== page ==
Hello from the History Department.
Read about Sheriff John Hoggatt, one member of seven generations of Hoggatts who still call Kalama, WA, home. His story can be connected back to not one, but two current McMenamins properties.
In 1888, the Hoggatt family journeyed by rail from the Kansas plains to the mountainous timberland of Washington Territory. Mary Hoggatt and her younger sons, Clarence and George, traveled in a passenger car, while her husband Andrew and 18-year-old son John William rode in a livestock car, taking care of the family’s horses and cattle.
Upon arrival, the family homesteaded a ranch on the Kalama River and, in time, grew to seven sons and one daughter. Within a few years, the Hoggatts expanded their farming operation to include a meat market in Kalama. John worked with his father, honing his butcher skills. By 1910, following the closure of the market, John and his brothers George and Irv opened their own butchery.
It was a solid profession for a family man, and John’s own family was growing. He had married fellow Midwesterner Nellie Harvey in 1893 (seated at left, in a double wedding with John’s brother and wife) and they became parents of three boys and a girl. As for the family butcher shop, John bought out his brothers’ shares and operated it himself (though his kids likely lent a hand – as was Hoggatt family tradition).
In those days, the neighborhood butcher shop was a mainstay of small-town America. Certainly in Kalama, everyone knew John as an upstanding businessman and citizen, evidenced by the fact that he was elected sheriff in 1918. He promptly shuttered his shop and traded his cotton apron for a metal badge.
Sheriff Hoggatt served two terms (1919–23), with his son Glenn as deputy during the second term. The day to day was relatively quiet for the new sheriff, but in 1921, two major crimes put his detective skills to the test and thrust his county into the national spotlight.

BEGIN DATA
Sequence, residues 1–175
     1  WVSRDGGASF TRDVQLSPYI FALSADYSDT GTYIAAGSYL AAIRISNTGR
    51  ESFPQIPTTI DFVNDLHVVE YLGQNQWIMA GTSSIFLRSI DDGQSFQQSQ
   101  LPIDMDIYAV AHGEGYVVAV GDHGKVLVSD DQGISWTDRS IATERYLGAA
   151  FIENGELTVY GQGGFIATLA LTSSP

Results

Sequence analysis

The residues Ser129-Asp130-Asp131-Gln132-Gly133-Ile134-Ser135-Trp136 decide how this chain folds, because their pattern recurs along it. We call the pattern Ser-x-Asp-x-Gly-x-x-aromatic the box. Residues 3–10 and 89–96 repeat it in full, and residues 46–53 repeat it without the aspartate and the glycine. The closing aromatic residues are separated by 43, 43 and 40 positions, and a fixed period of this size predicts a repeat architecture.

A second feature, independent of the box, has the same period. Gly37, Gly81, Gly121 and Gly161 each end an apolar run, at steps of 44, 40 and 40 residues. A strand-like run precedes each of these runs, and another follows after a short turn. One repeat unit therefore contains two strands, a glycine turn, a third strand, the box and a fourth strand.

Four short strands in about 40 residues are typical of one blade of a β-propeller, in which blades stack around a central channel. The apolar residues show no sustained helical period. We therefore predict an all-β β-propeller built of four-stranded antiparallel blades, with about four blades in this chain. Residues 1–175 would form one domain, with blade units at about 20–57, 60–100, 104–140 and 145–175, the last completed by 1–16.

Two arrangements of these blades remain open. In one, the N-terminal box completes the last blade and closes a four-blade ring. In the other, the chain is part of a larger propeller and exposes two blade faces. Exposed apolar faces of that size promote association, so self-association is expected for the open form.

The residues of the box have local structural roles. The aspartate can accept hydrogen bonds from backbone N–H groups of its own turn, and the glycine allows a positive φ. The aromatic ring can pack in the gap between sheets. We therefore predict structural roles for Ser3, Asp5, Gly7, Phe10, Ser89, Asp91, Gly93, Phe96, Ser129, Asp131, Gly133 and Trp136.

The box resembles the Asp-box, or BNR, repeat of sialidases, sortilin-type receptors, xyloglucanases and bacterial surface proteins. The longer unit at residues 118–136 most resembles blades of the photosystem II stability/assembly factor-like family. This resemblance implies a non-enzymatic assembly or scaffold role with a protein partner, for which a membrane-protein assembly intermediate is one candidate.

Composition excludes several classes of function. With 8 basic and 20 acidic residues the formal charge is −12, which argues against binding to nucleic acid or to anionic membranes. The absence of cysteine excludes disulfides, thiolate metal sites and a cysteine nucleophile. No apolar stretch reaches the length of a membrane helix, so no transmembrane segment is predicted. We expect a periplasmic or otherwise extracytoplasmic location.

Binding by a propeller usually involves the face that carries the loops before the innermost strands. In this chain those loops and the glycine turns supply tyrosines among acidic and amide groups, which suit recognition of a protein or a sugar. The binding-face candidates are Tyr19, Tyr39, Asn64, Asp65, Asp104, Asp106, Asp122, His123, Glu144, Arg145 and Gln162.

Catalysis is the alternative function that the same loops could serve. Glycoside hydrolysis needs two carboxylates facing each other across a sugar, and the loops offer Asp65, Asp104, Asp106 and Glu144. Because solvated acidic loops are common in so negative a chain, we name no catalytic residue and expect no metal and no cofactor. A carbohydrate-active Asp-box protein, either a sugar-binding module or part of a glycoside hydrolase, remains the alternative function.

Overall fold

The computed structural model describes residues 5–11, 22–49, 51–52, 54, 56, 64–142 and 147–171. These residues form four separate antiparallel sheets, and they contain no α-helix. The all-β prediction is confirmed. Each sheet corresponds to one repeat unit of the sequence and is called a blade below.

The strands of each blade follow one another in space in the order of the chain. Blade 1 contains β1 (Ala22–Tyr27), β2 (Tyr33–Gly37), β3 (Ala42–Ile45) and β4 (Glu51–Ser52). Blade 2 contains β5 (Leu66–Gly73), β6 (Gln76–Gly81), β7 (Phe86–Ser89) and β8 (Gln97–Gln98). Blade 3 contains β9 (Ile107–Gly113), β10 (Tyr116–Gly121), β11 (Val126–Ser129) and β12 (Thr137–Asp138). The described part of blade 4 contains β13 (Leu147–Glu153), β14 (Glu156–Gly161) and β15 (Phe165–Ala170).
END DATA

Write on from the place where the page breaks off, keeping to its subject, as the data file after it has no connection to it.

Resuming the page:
The first was the murder of Michael Whalen in March 1921. Suspicion focused on Whalen’s now-vanished hired man, Frank Dalton. Using only a telegraph, the postal service and good old-fashioned groundwork, Hoggatt unmasked Dalton as a con man with numerous aliases. This discovery assisted California law enforcement in arresting him nearly a decade later.
The other crime occurred in June 1921, while Hoggatt was hunting for Dalton. “Gentleman train robber” Roy Gardner had already grabbed national headlines by the time law enforcement officers transported the celebrity crook by train to McNeil Island Penitentiary. When the train pulled into a station north of Kalama (but still within Sheriff Hoggatt’s jurisdiction), Gardner gave his captors the slip and dashed away into thin air. Hoggatt formed a posse, posting a force of 40 men to guard all potential paths out of town. Gardner’s only route to freedom was through the forested hills. Though the sheriff’s posse was hot on Gardner’s trail several times, “The King of Escape Artists” eluded capture, resulting in even bigger headlines across the country. The long arm of the law did catch up with Gardner days later at what is now McMenamins Olympic Club (for that story, head north to Centralia, WA).
Life in Kalama returned to its quiet, small-town ways, but Sheriff Hoggatt and Deputy Glenn Hoggatt kept busy, busting bootleggers and confiscating stills, as this was in the middle of Prohibition.
In 1924, Hoggatt family tradition resumed when John and Glenn opened the Pioneer Meat Market in Kalama. Glenn ran it with his father until the latter retired in 1944. The family business continued on with the next generation, and all told, ran for 45 years.
After a long and productive life, John Hoggatt passed away in 1949. Over the last 120 years, there have been seven generations of Hoggatts in Kalama, with three generations still currently residing here. And so the Hoggatt family legend continues.…
Written by Assistant Historian Emlyn Stenger